I was thinking about things I have accomplished this year. The list feels short, but there were some good milestones.
The biggest ones had to do with getting better at selling my work. I was accepted into an art show and sale for the Trustees of Reservations, met a gallery owner I need to communicate with, and participated in two craft fairs just before Christmas. I executed commissioned work (portraits of two Chickens for Bob), and talked with another person about the possiblity of commissioning a piece.
Artistically speaking, I had a gloriously fevered month working with my feelings about and reactions to the El Anatsui exhibit that I visited and revisited. I had a different but equally glorious month working on various chickens, feeling out the ways I could depict feathers and mass on a surface. I got a chance to actually make the first few of a series I have been thinking about for ages – the pond pictures across the seasons of a year.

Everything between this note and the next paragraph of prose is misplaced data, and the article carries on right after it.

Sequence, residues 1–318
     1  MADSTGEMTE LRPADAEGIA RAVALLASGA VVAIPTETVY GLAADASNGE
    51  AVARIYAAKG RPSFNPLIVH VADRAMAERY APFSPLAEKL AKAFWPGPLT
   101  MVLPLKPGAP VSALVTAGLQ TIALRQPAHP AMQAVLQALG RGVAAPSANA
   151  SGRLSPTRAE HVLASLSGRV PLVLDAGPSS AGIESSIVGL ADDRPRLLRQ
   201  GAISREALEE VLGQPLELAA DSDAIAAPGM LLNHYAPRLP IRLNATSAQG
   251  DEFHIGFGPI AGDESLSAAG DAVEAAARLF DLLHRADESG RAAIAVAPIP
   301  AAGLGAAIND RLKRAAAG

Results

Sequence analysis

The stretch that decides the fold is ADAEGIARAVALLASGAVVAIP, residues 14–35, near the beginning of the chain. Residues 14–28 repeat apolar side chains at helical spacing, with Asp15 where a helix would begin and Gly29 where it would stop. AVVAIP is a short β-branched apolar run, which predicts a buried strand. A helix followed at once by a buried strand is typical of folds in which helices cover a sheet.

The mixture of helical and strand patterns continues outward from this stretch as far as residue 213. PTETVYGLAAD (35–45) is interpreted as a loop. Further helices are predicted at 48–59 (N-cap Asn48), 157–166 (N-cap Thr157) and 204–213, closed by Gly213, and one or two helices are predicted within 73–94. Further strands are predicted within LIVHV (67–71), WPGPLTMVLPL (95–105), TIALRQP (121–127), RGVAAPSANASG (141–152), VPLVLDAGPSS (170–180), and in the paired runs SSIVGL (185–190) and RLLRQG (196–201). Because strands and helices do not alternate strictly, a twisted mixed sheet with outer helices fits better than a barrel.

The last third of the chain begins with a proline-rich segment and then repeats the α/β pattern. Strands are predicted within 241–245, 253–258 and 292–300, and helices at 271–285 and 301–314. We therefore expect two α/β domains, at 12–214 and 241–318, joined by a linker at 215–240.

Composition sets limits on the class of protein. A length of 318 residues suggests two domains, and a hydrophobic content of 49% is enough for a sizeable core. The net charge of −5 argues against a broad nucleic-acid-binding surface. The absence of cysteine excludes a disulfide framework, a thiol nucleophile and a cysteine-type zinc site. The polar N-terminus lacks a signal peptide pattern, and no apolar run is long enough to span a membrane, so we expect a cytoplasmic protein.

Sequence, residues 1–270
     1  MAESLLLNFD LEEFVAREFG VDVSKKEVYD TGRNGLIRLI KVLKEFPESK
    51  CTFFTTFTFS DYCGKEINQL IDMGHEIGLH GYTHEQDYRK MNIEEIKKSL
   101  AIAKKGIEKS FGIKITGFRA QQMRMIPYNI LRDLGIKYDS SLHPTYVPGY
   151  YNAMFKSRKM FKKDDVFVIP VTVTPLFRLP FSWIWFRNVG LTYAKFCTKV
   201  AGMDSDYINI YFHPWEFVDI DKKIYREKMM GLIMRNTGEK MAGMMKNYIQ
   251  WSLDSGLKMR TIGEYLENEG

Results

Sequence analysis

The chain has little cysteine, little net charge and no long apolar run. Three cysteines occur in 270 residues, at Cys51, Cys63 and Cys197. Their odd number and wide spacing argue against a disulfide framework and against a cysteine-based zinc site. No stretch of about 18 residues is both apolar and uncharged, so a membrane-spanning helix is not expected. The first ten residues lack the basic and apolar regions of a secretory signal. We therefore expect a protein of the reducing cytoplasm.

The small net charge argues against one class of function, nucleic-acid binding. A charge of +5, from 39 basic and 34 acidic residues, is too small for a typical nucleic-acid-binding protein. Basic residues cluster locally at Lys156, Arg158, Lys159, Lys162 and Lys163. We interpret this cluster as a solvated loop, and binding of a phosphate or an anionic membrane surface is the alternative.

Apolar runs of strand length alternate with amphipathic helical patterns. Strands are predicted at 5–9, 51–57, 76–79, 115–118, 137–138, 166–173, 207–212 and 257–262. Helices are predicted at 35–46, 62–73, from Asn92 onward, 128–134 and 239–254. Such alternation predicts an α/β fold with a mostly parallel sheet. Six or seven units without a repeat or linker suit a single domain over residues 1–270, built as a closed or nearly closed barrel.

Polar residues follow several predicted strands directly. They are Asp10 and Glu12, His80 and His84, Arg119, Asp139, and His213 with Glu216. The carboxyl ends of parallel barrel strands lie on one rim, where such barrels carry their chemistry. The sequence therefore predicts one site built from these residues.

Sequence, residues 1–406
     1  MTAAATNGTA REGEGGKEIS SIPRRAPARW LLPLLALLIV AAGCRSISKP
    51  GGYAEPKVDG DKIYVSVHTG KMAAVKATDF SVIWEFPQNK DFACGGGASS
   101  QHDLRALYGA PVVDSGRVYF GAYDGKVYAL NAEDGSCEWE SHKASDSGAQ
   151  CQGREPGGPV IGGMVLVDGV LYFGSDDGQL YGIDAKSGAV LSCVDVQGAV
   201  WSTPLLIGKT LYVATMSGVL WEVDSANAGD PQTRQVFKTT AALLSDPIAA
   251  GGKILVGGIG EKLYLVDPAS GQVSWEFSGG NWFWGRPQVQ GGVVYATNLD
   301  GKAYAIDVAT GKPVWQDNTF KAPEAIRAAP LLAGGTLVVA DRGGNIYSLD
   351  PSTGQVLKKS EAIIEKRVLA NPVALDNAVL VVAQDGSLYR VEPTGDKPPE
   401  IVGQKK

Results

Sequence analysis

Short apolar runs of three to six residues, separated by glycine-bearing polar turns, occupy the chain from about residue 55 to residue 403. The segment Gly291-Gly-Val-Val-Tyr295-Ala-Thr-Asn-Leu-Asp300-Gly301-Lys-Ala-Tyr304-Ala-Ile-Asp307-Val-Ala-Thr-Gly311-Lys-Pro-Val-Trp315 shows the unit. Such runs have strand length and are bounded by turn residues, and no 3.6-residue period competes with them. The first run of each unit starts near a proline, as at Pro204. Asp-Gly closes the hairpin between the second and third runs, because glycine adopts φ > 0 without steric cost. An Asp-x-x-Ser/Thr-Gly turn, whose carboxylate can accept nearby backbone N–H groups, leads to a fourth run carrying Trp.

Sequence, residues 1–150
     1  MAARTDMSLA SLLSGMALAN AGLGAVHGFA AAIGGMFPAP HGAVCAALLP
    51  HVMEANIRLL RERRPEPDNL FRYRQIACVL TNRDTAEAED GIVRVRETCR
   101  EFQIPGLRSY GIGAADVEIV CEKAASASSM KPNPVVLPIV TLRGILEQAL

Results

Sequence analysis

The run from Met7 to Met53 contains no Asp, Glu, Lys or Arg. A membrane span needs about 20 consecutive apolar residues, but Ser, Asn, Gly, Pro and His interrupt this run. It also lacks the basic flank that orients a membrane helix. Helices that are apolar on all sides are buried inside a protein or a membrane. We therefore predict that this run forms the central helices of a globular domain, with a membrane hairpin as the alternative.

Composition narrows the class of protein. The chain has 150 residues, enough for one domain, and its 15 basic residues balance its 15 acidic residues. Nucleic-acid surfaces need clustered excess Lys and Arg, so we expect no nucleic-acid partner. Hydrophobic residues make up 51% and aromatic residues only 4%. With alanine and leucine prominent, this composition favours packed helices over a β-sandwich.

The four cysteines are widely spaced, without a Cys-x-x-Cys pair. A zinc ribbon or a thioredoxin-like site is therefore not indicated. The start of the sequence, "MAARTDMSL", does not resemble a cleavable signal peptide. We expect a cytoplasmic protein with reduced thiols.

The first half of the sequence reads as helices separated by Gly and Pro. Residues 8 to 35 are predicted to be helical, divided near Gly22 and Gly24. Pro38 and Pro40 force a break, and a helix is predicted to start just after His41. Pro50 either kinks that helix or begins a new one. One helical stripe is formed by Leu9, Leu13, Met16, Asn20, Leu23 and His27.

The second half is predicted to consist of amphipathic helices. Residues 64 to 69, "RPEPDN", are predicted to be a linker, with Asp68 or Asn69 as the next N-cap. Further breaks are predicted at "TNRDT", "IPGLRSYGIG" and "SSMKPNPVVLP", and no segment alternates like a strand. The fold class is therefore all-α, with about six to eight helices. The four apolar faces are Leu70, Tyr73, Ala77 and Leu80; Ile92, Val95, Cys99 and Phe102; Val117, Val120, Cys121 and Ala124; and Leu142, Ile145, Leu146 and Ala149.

For stuff that I didn't do so well: I missed a couple opportunities to sell myself and my work, and I think I should work harder on that next year. I need to get better at finding venues, organizing myself, and telling a story about myself and my work. Mounting and framing work needs more refinement. While I did well enough producing work steadily, I could use more time in the studio. I also did better with this blog, talking to you all more regularly than in some previous years, but that still leaves room for improvement!
If I were to grade myself, it would be as follows:
artistic endeavors: A+
taking advantage of sales opportunities: B+
steady presence in studio: B+
ongoing education: A